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An International Comparison of Long-Run Consumer Behaviour

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  • Stewart C.

Abstract

Using the Johansen procedure I test for cointegration between consumption, private disposable income and inflation for 20 OECD countries over the period 1955–1994. There is evidence of cointegration for all countries. Plausible long–run consumption functions are obtained for 18 countries, and feature heterogeneous parameter estimates across countries. Evidence against a unit–income elasticity is obtained for 11 countries suggesting that one would be unwise to assume consumption is homogenous of degree one in income. Inflation is statistically significant and negative for only 7 countries indicating that it is not a fundamental explanatory factor of consumption for many countries. Cross–country regressions for the income elasticity reveal a negative association with income growth, the log–level of income and income inequality and a positive correlation with the fiscal surplus/deficit and the availability of credit. The cross–country regressions of the inflation elasticity are consistent with inflation acting as a proxy for asset effects.

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Bibliographic Info

Article provided by European Research Studies Journal in its journal European Research Studies Journal.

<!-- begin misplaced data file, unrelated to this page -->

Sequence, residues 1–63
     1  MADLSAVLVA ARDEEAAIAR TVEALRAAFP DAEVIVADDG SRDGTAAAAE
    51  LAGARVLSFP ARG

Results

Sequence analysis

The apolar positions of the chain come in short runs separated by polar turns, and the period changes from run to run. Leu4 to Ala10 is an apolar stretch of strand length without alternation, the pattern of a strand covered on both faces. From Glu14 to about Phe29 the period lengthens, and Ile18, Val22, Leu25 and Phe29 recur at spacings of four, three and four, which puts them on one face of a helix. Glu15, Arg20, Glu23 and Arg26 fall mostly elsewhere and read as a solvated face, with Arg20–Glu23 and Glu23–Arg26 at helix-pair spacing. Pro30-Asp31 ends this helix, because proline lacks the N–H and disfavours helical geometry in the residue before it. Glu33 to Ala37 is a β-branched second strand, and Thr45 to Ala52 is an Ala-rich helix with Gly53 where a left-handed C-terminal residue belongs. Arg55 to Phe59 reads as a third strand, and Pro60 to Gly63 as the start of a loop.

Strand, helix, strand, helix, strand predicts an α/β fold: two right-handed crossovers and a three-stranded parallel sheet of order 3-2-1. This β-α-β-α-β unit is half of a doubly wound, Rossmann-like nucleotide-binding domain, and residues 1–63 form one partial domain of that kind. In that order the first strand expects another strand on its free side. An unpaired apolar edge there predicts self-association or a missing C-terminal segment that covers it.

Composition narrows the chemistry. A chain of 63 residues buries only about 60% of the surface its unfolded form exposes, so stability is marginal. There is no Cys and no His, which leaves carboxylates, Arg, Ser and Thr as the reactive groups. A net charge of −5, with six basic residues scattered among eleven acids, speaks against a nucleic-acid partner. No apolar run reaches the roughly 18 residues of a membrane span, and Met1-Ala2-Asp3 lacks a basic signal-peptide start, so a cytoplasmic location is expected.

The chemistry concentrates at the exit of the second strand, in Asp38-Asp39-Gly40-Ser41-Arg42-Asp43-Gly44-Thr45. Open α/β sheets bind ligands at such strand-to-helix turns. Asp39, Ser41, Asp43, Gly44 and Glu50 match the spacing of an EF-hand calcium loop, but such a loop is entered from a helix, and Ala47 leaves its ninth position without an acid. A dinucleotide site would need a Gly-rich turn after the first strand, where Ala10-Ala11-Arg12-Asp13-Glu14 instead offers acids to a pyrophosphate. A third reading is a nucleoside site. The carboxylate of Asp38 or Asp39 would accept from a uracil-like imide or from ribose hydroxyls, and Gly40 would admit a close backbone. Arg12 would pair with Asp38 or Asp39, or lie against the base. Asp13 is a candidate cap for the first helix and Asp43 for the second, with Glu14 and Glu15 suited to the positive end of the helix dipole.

Volume (Year): IV (2001)
Issue (Month): 3-4 (July - December)
Pages: 19-36

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Handle: RePEc:ers:journl:v:iv:y:2001:i:3-4:p:19-36

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Web page: http://www.ersj.eu/

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Keywords: Cointegration; cross-country variations; private consumer behaviour; OECD countries.;

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  1. Sefton, J A & In't Veld, J W, 1999. "Consumption and Wealth: An International Comparison," Manchester School, University of Manchester, vol. 67(4), pages 525-44, September.
  2. Gonzalo, J. & Lee, T.H., 1995. "Pitfalls in Testing for Long Run Relationships," Papers 38, Boston University - Department of Economics.
  3. Deaton, Angus, 1992. "Understanding Consumption," OUP Catalogue, Oxford University Press, number 9780198288244.
  4. Rolf Larsson & Johan Lyhagen & Mickael Lothgren, 2001. "Likelihood-based cointegration tests in heterogeneous panels," Econometrics Journal, Royal Economic Society, vol. 4(1), pages 41.
  5. Horioka, C.Y., 1995. "Capital Gains in Japan: Their Magnitude and Imact on Consumption," ISER Discussion Paper 0388, Institute of Social and Economic Research, Osaka University.
  6. Banks, James & Blundell, Richard & Preston, Ian, 1994. "Life-cycle expenditure allocations and the consumption costs of children," European Economic Review, Elsevier, vol. 38(7), pages 1391-1410, August.
  7. Pesaran, M. H. & Shin, Y. & Smith, R. P., 1997. "Pooled Estimation of Long-run Relationships in Dynamic Heterogeneous Panels," Cambridge Working Papers in Economics 9721, Faculty of Economics, University of Cambridge.
  8. Muellbauer, John, 1994. "The Assessment: Consumer Expenditure," Oxford Review of Economic Policy, Oxford University Press, vol. 10(2), pages 1-41, Summer.
  9. Hall, S G, 1991. "The Effect of Varying Length VAR Models on the Maximum Likelihood Estimates of Cointegrating Vectors," Scottish Journal of Political Economy, Scottish Economic Society, vol. 38(4), pages 317-23, November.
  10. Alan Carruth & Heather Gibson & Euclid Tsakalotos, 1996. "Are Aggregate Consumption Relationships Similar Across the EU?," Studies in Economics 9609, Department of Economics, University of Kent.
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